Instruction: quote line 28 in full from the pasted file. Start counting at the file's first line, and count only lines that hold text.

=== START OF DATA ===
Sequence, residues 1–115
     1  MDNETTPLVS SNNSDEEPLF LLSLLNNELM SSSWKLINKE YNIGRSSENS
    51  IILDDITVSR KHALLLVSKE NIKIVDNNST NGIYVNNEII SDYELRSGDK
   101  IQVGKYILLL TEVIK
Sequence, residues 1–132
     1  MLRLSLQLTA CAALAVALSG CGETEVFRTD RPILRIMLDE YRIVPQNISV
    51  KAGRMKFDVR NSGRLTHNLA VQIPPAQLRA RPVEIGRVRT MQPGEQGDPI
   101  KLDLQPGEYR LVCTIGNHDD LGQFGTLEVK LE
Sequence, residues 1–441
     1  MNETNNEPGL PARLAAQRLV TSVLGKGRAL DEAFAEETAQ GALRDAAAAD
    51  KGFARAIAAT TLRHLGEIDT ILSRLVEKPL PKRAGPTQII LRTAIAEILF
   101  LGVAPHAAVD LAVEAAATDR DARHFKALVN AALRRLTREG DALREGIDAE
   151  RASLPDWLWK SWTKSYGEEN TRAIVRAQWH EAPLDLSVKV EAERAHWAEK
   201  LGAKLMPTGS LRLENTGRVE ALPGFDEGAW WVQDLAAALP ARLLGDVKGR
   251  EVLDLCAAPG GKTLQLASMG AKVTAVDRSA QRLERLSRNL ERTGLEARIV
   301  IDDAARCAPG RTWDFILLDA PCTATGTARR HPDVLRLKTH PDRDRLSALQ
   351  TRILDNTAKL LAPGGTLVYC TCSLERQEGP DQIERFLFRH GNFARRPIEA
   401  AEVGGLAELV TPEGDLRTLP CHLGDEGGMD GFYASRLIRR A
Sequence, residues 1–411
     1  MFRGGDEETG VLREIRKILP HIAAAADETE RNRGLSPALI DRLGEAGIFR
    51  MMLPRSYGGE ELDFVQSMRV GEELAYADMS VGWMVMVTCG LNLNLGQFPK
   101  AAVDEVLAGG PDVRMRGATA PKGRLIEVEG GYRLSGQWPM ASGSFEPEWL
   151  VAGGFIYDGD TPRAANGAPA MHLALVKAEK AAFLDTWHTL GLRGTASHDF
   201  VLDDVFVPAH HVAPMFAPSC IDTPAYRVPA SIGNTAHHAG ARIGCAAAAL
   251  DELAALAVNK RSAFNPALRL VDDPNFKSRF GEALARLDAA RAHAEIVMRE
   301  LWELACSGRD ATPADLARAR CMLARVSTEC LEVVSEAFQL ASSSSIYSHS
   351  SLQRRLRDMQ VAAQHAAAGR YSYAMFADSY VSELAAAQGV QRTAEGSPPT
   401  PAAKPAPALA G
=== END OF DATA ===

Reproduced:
   401  PAAKPAPALA G